- Paramount Pictures
- I give you Tom Hardly...totally going for it.
"Upgrade" has a great, if not entirely original, concept. It's the future and there are automatically driven cars, computer monitors on every living room table and drones tracking criminal activity, flying through the night sky. The terribly named Grey Trace is a mechanic who hates the future he's living in. He works on classic cars, has no bio-organic devices in his body and shuns technology.
When he's crippled by a group of mercenaries and his wife is murdered, Trace wants nothing more than to help the police find her killers and then end his own life. Instead, through a contrived set of circumstances, a brilliant tech innovator implants a cutting edge gadget called STEM into his spine, not only allowing him to walk again, but also to be a master of kung fu and shooting people in the face.
"Upgrade" has a ton of big ideas about futurism and artificial intelligence, but it's mostly content to be a boiler-plate revenge tale along the lines of "Death Wish" or "The Crow." STEM speaks directly into Trace's ear canal, giving the film a buddy-cop vibe that keeps it from sinking into the mire of genre predictability.
Honestly, "Upgrade" features so many truly innovative action sequences and gore effects that it's almost a genre classic—but it's held back by the lead performance of Logan Marshall-Green. He looks almost exactly like Tom Hardy, but has nowhere near the ability to convey subtext with his eyes and face. I dub him Tom Hardly.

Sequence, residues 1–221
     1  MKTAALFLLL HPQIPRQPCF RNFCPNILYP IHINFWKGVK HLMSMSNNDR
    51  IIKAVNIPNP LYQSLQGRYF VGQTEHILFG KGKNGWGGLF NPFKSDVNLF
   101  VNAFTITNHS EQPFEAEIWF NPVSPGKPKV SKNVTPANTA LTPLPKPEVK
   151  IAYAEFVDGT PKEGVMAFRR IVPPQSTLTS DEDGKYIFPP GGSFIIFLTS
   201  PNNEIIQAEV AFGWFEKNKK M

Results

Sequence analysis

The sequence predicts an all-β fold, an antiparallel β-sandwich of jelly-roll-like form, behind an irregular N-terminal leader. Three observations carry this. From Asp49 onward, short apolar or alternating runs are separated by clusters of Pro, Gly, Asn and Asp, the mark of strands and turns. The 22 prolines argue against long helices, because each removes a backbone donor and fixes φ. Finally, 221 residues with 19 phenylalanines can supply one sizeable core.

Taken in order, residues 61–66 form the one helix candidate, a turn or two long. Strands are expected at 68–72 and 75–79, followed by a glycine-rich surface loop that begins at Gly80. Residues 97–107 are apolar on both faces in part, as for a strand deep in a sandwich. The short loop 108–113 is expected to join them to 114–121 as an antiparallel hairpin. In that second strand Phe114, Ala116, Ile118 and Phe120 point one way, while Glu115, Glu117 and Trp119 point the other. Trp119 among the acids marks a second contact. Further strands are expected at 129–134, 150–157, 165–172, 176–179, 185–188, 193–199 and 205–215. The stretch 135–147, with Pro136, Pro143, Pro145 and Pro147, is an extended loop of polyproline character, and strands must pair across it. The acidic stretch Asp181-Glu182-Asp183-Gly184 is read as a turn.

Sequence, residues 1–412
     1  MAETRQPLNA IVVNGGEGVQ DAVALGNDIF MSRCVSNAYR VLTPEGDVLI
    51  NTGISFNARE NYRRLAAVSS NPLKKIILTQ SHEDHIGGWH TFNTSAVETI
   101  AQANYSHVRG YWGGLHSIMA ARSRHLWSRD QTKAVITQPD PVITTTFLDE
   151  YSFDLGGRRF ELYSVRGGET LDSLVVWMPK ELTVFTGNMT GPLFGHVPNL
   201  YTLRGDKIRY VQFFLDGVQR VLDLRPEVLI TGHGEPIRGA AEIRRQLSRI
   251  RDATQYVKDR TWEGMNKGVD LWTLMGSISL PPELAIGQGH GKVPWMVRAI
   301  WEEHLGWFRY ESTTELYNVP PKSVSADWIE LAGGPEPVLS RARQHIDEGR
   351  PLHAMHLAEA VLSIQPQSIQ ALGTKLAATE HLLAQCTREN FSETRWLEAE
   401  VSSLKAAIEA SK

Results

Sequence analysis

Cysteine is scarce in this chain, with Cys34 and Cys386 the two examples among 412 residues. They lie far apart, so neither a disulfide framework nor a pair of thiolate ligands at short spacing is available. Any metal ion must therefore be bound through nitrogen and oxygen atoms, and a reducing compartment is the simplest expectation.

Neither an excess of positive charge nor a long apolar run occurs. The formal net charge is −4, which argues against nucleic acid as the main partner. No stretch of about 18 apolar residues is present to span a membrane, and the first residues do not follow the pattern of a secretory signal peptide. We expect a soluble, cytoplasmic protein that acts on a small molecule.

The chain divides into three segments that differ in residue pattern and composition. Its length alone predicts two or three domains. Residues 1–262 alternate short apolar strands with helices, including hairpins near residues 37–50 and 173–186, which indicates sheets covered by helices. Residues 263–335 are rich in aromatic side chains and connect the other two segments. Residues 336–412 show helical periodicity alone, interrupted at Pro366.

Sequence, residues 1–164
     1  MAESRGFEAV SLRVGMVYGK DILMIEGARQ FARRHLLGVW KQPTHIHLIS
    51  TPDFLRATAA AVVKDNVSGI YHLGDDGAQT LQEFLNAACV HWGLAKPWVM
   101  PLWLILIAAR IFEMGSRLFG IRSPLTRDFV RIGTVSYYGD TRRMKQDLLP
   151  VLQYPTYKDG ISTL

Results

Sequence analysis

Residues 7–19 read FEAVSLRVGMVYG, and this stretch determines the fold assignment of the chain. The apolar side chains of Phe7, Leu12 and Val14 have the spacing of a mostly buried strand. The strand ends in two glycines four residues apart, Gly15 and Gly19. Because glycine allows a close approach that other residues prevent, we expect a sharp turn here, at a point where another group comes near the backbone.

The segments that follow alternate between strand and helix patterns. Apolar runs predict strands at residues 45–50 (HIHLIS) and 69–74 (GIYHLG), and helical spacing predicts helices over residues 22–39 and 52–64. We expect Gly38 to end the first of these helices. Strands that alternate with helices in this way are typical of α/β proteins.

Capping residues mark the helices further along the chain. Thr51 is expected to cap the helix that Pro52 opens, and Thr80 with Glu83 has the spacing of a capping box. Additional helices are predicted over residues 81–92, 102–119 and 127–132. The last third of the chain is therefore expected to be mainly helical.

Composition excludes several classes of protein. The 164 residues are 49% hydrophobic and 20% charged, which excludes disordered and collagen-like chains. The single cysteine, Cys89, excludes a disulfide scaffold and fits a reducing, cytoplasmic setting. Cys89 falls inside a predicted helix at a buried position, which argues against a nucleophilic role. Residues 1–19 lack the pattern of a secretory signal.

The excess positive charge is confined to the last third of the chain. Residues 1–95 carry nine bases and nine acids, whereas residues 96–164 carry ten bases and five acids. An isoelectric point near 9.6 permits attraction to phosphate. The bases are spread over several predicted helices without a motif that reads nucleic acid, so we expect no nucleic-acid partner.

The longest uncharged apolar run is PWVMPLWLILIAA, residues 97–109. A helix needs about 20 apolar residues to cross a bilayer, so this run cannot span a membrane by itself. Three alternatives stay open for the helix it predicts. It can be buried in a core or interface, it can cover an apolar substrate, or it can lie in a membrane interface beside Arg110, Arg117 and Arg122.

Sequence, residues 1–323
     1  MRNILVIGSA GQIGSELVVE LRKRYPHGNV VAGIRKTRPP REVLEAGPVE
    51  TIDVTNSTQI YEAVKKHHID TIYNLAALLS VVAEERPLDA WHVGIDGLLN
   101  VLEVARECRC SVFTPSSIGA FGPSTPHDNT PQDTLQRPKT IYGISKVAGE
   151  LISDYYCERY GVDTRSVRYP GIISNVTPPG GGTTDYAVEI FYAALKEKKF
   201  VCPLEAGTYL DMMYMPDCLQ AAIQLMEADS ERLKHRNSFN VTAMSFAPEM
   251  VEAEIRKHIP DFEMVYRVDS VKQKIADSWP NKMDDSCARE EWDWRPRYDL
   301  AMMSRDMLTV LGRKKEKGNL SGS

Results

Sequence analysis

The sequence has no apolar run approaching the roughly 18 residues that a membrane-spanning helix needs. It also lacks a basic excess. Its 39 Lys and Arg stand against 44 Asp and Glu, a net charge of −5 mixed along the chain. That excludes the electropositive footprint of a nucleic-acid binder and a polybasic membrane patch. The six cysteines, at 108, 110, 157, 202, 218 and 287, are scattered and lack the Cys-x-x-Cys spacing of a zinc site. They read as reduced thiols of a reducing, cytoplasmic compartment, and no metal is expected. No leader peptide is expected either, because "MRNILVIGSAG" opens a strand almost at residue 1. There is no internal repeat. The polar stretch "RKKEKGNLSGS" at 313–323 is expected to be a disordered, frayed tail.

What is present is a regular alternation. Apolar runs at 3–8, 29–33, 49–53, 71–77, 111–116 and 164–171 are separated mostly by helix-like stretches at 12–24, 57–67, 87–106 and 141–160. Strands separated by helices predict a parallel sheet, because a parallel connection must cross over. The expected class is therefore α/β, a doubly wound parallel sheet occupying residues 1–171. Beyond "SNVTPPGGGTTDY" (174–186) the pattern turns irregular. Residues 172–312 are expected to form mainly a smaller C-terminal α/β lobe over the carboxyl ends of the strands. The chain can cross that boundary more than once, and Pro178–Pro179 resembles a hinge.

Marshall-Green has a few great moments (especially with the physicality of the action sequences), but whenever he tries to convey his loss or hopelessness, he seems a little flat. If I was completely sold on what I'm sure was a very difficult performance, then I would have been emotionally invested in the movie instead of just waiting for him to beat someone else to death. It's still great fun to see a non-violent man instantly know martial arts and become a killing machine, but if it carried the weight of "Blade Runner" or even "RoboCop," it could have really been something special.
Director Leigh Whannell is mostly known as the guy who writes most of James Wan's movies, including "Saw" and "Insidious," but really manages to turn "Upgrade" into a calling card for his future as a filmmaker. I wouldn't be surprised if he gets attached to a huge action franchise (something in the Marvel Universe, maybe?) just as Wan did when he went from the second "Insidious" movie to "Furious 7."
What's really remarkable about "Upgrade" is that Whannell managed to make a movie with a $5 million budget look like something made for around $20 million. Every dime is onscreen and he creates a very believable near-futuristic world that almost matches movies made for 10 times its budget. Whannell is going to be huge in the director's chair and this will be the movie that puts him there.
"Upgrade" is schlock and proud of it. The film embraces its B-movie roots and promises nothing more than a lightning fast 90 minutes at the movies. The fantastic ending sets up a sequel—one that could easily be better than the original. Hopefully, Whannell has some good ideas, because we only scratched the surface of his world with "Upgrade" and I want to see where all this weirdness goes.